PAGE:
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Pro-bailout parties win election, Greece to stay in joint euro currency

By Demetris Nellas and Elena Becatoros

Published: Sunday, June 17 2012 10:51 p.m. MDT

A woman waits inside a polling station in Athens, Sunday, June 17, 2012. Greeks voted Sunday for the second time in six weeks in what was arguably their country's most critical election in 40 years, with the country's treasured place within the European Union's joint currency in the balance. (AP Photo/Kostas Tsironis)

Associated Press

BERLIN — Fears of an imminent Greek exit from Europe's joint currency receded Sunday after the conservative New Democracy came first in critical elections and pro-bailout parties won enough Parliamentary seats to form a joint government.

As central banks stood ready to intervene in case of financial turmoil, Greece held its second national election in six weeks after an inconclusive ballot on May 6.

With one party advocating ripping up Greece's multi-billion euro bailout deal, the election was seen as a vote on whether Greece should stay in the 17-nation joint euro currency. A Greek exit would have had potentially catastrophic consequences for other ailing European nations, the United States and the entire global economy.

With 82.5 percent of the vote counted, official results showed the conservative New Democracy winning 30 percent and 130 of the 300 seats in Parliament. The radical anti-bailout Syriza party had 26.6 percent and 71 seats and the pro-bailout Socialist PASOK party came in third with 12.5 percent of the vote and 33 seats.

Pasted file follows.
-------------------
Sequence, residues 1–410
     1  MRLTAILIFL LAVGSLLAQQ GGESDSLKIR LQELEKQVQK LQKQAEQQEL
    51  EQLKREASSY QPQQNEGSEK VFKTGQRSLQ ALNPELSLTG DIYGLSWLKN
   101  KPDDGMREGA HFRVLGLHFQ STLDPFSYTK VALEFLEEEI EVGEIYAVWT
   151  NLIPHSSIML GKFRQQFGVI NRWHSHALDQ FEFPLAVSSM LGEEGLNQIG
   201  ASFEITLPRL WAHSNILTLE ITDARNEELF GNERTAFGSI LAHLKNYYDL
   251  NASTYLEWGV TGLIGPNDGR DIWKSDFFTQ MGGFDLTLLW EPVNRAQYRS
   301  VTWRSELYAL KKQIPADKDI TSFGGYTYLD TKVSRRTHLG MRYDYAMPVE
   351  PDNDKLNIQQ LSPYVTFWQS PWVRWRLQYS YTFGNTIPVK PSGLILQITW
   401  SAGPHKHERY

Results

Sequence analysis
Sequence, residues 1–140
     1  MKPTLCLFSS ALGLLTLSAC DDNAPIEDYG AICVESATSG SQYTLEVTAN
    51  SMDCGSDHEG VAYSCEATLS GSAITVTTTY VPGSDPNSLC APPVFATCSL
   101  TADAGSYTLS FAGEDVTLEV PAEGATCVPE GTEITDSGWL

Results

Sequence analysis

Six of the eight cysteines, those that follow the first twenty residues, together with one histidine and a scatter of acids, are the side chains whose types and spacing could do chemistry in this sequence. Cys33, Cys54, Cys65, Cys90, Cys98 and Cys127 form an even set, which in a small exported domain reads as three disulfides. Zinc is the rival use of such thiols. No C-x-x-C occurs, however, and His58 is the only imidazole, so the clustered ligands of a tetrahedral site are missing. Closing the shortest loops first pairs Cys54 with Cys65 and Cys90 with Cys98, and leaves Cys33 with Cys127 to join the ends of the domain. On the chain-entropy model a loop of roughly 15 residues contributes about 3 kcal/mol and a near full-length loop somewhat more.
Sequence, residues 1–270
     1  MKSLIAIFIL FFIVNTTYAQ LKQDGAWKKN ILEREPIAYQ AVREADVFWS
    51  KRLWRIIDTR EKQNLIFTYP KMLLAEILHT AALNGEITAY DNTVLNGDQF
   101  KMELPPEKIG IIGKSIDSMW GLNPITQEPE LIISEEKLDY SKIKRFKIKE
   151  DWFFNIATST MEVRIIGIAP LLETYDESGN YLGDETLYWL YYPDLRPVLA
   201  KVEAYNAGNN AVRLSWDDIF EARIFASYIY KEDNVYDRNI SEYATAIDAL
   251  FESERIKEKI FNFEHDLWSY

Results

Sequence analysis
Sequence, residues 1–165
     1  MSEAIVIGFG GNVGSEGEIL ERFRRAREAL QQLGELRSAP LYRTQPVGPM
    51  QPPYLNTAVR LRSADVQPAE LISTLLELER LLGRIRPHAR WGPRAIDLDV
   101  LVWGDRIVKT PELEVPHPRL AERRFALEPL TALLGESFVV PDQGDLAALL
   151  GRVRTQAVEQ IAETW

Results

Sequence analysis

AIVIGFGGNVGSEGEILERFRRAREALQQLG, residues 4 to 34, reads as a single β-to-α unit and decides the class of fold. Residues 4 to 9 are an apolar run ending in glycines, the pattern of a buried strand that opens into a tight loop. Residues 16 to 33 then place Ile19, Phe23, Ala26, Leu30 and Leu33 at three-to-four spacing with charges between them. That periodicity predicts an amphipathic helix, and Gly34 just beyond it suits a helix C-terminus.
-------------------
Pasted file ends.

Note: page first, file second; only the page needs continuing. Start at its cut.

The anti-immigrant nationalist Golden Dawn party had 6.9 percent and 18 seats, while the Democratic left won 6.1 percent and 18 seats.

The parties have starkly different views about what to do about the $300 billion in bailout loans that Greece has been given by international lenders, and the harsh austerity measures that previous Greek governments had to accept to get the funds.

New Democracy leader Antonis Samaras cast Sunday's choice as one between keeping the euro and returning to Greece's old currency, the drachma. He has vowed to renegotiate some of the bailout's harsher terms but insists the top priority is for the country to remain in Europe's joint currency.

"The Greek people today voted for Greece to remain on its European path and in the eurozone," Samaras said after his party won.

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